But such an inhospitable response to the strange reveals a fear of truth, not a commitment to truth—of mind-forged manacles rather than the truth that sets one free.
A confessionally-grounded response to strangeness begins with recognizing the stranger as the double reflection in whom I see myself as the image of the Creator. "Mon semblable, mon frère!" as Baudelaire might say. David Smith and Barbara Carvill argue persuasively in The Gift of the Stranger: Faith, Hospitality and Language Learning (Eerdmans, 2000) that the unfamiliar is a blessing that deeply enriches our experience of the familiar. Perhaps it's a bit of a stretch, but I would wager that the hospitable response to a strange idea is not far from biblical anthropology, ethics, and axiology.
Neither is it distant from a biblical epistemology. The confession that finite human beings do not have complete knowledge of the world does not invalidate the knowledge that we do have—it simply realizes that knowledge is partial, limited, imperfect, incomplete. To borrow John Milton's famous defense of academic (and other) freedoms in Areopagitica, epistemological humility calls us to search actively, even in unlikely places, in order to complete our picture of truth. When something wondrous strange comes our way, we give it welcome as a stranger, for we may be entertaining angelic truths unawares.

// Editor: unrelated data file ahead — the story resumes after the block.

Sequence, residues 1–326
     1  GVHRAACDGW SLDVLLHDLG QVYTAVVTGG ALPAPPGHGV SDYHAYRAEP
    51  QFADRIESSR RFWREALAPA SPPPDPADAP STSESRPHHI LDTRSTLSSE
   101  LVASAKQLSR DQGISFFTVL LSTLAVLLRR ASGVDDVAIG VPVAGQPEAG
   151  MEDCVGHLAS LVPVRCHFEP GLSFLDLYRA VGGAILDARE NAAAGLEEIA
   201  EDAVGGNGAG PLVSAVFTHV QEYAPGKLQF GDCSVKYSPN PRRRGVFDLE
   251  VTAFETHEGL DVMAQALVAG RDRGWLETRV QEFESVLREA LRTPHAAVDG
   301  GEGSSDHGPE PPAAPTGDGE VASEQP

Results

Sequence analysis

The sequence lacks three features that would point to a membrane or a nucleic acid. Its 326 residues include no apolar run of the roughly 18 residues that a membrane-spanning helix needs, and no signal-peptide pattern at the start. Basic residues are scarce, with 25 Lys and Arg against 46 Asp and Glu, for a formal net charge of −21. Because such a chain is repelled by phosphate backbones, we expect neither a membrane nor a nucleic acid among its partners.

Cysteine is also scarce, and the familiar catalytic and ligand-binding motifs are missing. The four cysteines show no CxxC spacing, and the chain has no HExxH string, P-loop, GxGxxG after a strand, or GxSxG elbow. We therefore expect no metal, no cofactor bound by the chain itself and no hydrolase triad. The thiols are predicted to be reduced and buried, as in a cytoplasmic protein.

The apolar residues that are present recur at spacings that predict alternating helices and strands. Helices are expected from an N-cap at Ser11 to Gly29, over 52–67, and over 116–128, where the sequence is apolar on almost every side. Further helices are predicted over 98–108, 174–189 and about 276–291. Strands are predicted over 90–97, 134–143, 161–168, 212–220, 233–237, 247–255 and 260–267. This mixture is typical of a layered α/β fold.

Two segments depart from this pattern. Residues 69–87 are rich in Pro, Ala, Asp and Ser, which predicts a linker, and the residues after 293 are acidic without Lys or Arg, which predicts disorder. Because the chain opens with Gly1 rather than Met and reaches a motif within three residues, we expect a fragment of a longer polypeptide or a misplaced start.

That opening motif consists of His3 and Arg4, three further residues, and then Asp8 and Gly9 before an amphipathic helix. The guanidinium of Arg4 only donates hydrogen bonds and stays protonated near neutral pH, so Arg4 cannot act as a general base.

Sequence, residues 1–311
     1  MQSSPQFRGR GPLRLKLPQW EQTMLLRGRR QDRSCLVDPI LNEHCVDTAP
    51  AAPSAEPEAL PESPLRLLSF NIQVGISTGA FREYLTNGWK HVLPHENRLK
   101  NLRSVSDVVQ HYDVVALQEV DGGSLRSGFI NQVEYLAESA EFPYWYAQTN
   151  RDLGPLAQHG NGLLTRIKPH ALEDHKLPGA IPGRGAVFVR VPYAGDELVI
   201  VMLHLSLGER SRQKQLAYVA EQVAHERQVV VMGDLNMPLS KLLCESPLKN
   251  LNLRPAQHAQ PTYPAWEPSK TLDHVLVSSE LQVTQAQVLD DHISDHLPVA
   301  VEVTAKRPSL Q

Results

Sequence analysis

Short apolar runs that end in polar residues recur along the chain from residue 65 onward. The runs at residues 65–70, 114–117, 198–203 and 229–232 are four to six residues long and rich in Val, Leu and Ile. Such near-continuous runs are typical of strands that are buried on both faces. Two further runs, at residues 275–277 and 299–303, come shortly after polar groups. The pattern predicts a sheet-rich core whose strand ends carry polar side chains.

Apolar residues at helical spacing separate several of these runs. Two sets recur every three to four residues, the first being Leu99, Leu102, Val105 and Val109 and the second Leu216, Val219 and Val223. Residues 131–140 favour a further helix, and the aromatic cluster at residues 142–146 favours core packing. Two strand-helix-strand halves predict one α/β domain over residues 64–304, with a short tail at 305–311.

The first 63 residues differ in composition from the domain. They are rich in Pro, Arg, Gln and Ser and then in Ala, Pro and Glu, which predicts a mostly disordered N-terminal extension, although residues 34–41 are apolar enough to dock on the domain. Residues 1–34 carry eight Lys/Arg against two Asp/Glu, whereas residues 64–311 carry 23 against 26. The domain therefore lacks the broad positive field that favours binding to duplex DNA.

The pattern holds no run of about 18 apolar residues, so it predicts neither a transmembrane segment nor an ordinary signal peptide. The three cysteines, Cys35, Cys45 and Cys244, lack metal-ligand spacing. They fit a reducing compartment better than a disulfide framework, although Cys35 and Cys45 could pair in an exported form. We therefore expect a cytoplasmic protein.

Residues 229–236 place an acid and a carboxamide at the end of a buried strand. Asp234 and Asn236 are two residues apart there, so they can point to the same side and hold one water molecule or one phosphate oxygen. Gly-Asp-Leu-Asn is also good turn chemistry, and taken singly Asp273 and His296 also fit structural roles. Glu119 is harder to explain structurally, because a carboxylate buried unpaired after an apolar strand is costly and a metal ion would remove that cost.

Humility is matched by its twin, charity. The Augustinian virtues of humility and charity are often hard to find in academia, where pride and ambition seem to rule the roost. Agape love, which summarizes the law, manifests itself in the academic context in the unconditional, sincere, profound welcome that we extend to our colleague-neighbour. What David Lyle Jeffrey in People of the Book (Eerdmans, 1996) has called "the broken-hearted reader," who converses with texts in humility and charity, reading with what Alan Jacobs has described as "the hermeneutics of love" in A Theology of Reading (Westview, 2001), characterizes the academic who gives welcome to the stranger.
Yes: in the midst of our welcome of the strange, we must not forget that the perfect love that casts out intellectual fear is also a discerning and discriminating love, one that takes seriously its responsibility to build up knowledge. Entertaining the strange idea means giving it its due attention, response, evaluation—and perhaps correction. Embracing the strange for the sake of its strangeness alone may lead us astray. After all, Hamlet spends the next two acts of the play investigating the authority of the ghost and testing the validity of its message. So welcoming the wondrous strange idea comes with an obligation to engage it with intellectual honesty and rigour.
Indeed, one's immediate response to a strange idea, fact, discovery, feeling, theory, or approach is perhaps the best test of academic freedom. An academically-bound scholar is inclined to secure the mind-forged manacles when a never-before-considered question shivers the intellectual timbers. And an academically-restrictive institution circles the wagons as soon as a challenging truth appears on the horizon. But as Hamlet reminds us, a free academic committed to a biblical picture of humanity, knowledge, and understanding is one who gives the stranger welcome.